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Author Topic:   Montauk wiring - Help me destroy the rats nest!
newt posted 07-23-2002 05:20 PM ET (US)   Profile for newt   Send Email to newt  
I am working my way through my newly aquired '84 montauk, and would like to organize the wiring.

The mess that is there now, consists of twisted splices, and inline fuses, and I can not imagine trouble shooting this mess, and would also like to free up some storage in the console.

Did the factory wiring include a fuse box or bus bar?

How many circuits are recomended? For example, should I have 1. for the lights another for radio, another for the gps, another for the engine guages, etc, or just a main breaker/fuse?

Also, there is switch on the front panel with a 30A label. Is this a main on/off, or a breaker?

I am interested in how the factory wiring was installed and also what others have done.

If it matters, presently there are dual batteries with a 1,2,both,off switch. They are located in the console (I know this is a matter for debate, but I am planning on leaving them there as I like the free space in the back)

Final question, with dual batteries, should all the electronics and lights be wired to one battery, with the second battery isolated by the 1,2,both switch so that I will always have backup power?


jimh posted 07-23-2002 06:43 PM ET (US)     Profile for jimh  Send Email to jimh     
At a minimum, your Whaler probably came wired with a small, AG-fuse holder, distribution panel and three pull switches.

The first switch was likely wired at the factory for the Navigation lamps. It would have been a three position switch, OFF-ANCHOR-RUNNING style configuration. The second and third switch were probably labeled ACCY 1 and ACCY 2 and were not wired at the factory.

On a small boat there are just not that many circuits needed.

You can wire your instruments right to the +12Vdc buss since they all have their own ON-OFF switches. They probably have inline fuses, which you can retain, or you can wired them to use some of the other fused circuits in the distribution panel. It has about 5-6 fuses available.

I'd wire my instrument lights and the compass light to the NAV light switch, since you will likely need the instruments illuminated about the same time you'll need the running lights.

That leaves two switches for perhaps a bait well pump, cockpit lights, or something else.

newt posted 07-23-2002 09:04 PM ET (US)     Profile for newt  Send Email to newt     
Thank Jim. It sounds like I need to identify the distribution panel. I didnt think to look for one because the existing electronics seam to all be pigtailed together - not to any panel. I will investigate further.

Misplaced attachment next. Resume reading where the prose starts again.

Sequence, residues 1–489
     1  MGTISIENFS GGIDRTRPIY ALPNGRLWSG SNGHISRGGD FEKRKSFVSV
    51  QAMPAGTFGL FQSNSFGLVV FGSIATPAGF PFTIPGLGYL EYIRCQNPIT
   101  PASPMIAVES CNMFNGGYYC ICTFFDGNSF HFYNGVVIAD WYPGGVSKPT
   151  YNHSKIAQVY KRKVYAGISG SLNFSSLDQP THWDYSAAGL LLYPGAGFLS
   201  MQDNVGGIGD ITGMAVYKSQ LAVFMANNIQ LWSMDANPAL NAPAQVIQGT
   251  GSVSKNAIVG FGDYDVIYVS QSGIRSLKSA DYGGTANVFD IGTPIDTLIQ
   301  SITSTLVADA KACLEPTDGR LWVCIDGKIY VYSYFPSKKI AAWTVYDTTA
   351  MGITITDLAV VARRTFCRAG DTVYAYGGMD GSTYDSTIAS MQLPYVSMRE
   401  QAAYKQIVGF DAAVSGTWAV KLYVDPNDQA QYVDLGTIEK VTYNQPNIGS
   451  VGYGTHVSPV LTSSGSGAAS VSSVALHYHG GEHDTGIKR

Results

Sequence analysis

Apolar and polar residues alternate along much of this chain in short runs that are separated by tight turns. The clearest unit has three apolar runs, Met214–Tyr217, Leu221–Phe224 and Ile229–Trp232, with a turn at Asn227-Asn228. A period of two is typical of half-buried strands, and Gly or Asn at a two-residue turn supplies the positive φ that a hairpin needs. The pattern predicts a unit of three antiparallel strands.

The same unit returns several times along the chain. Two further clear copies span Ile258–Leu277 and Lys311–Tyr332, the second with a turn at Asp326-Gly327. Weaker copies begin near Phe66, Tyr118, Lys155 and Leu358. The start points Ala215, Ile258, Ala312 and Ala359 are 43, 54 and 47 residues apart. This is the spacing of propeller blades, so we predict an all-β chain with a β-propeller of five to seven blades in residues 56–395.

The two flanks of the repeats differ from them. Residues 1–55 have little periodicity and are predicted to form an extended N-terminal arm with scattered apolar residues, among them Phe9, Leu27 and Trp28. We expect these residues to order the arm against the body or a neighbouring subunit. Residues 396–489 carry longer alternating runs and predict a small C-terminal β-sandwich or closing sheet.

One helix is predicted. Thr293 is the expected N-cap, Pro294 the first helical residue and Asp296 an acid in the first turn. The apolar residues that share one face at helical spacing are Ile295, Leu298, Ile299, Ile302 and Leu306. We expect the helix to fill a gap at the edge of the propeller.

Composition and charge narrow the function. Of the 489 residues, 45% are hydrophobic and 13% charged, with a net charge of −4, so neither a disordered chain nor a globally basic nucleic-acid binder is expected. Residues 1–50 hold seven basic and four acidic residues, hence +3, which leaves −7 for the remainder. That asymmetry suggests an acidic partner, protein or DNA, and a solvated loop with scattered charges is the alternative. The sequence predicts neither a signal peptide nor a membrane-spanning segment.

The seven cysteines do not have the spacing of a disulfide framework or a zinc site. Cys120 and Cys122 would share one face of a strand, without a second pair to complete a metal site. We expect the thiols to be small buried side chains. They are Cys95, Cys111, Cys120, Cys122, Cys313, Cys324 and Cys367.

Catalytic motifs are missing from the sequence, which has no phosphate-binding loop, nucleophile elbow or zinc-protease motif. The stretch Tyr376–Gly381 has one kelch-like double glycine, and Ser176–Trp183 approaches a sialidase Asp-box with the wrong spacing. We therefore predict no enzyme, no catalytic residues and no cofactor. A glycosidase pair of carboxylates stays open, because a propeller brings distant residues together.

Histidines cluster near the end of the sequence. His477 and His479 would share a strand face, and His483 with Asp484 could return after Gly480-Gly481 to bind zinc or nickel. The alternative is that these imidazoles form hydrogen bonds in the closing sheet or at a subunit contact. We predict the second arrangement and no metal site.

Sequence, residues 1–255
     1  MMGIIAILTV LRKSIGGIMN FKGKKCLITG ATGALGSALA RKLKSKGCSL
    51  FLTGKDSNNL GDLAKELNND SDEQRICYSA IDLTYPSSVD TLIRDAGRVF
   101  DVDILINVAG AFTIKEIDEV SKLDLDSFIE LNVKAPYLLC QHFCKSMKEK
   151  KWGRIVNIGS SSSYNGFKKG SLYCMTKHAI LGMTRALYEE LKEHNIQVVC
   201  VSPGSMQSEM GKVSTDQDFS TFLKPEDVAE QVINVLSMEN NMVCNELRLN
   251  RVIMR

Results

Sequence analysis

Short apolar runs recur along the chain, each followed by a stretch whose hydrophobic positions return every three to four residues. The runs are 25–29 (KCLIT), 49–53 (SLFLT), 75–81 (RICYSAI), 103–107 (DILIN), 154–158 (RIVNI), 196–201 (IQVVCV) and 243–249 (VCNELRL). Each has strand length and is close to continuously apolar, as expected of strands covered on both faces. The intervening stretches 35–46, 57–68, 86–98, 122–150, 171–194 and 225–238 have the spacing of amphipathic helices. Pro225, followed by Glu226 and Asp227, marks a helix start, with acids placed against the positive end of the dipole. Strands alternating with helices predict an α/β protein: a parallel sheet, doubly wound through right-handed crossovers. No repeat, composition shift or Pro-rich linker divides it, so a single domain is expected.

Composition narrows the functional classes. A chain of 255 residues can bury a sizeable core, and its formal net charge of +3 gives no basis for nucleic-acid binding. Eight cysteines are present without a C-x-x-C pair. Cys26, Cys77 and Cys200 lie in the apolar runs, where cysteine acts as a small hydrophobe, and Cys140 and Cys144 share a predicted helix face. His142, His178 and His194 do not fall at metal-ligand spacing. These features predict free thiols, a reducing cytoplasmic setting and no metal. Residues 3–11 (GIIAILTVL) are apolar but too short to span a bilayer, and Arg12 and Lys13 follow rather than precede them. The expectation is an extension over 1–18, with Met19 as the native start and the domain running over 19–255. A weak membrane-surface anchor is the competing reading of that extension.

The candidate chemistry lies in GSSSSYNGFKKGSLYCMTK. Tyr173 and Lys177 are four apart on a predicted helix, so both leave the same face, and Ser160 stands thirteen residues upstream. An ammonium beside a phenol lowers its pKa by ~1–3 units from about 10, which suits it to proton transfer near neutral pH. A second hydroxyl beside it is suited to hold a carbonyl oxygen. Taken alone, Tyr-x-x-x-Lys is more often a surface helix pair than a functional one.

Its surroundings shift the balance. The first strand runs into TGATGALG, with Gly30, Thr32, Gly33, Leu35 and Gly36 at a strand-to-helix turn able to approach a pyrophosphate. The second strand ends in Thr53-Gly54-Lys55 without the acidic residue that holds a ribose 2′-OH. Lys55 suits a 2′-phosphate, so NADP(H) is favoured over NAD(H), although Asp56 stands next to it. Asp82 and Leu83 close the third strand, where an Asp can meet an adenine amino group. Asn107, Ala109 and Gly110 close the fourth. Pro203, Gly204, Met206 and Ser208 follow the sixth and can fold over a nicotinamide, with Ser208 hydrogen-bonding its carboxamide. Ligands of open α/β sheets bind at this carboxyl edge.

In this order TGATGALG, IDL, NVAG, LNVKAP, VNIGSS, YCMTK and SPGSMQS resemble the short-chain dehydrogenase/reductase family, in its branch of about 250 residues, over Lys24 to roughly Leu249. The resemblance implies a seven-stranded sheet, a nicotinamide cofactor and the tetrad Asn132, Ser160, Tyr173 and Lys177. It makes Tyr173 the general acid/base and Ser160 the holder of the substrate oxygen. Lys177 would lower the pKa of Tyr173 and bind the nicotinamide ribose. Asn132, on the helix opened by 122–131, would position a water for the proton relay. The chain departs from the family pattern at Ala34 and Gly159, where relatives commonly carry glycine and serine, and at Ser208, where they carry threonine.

DJS posted 07-25-2002 12:15 PM ET (US)     Profile for DJS  Send Email to DJS     

I have an older Model Lowrance GPS/Sonar unit. In the owner's manual the following is said about power connections:

"The LMS-350A works from a twelve-volt battery system. For the best results, attach the power cable directly to the battery. You can attach the power cable to an accessory or power buss, however you may have problems with electrical interference. Therefore, it's safer to go ahead and attach the power cable directly to the battery."

Also, my VHF radio is also attached directly to the battery. I assume this is also because of interference. Of course an in-line fuse holder should be placed in the line from the plus side of your battery, as close to the power source as possible.

Hope this helps,


jimh posted 07-25-2002 12:52 PM ET (US)     Profile for jimh  Send Email to jimh     
Probably every manufacturer of an electronic device for onboard use would like you to connect it "directly to the battery."

If one followed all those recommendations they would have a dozen wires running to the positive post of the battery, and an equal number to the negative post as well. That is not an approach to wiring that is very extensible.

It seems perfectly acceptable practice to bring the battery leads to a distribution block and from there to wire all accessories. If the current load drawn by any individual accessories is small in proportion to the current carrying capability of the wiring used to connect the battery to the distribution block, then the potential for significant common mode currents is minimized.

To explain this technically, the wire between the battery and the distribution block has a small but finite resistance. Any current flow in this wiring results in a slight voltage drop. If instrument-A draws current, it creates a voltage drop that affects the operation of instrument-B.

If a particular instrument is highly sensitive to small variations in the supply voltage, these tiny variations may affect its operation. In the real world, designers of instruments should anticipate this and take measures to avoid the problem.

By using a large gauge wire to connect the battery to the distribution panel, you will minimize the voltage variations.

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